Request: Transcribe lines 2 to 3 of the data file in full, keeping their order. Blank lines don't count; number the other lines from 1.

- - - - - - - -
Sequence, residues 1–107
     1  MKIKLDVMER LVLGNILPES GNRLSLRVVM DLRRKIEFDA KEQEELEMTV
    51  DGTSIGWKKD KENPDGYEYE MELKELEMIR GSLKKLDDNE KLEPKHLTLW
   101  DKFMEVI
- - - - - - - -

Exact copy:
     1  MKIKLDVMER LVLGNILPES GNRLSLRVVM DLRRKIEFDA KEQEELEMTV
    51  DGTSIGWKKD KENPDGYEYE MELKELEMIR GSLKKLDDNE KLEPKHLTLW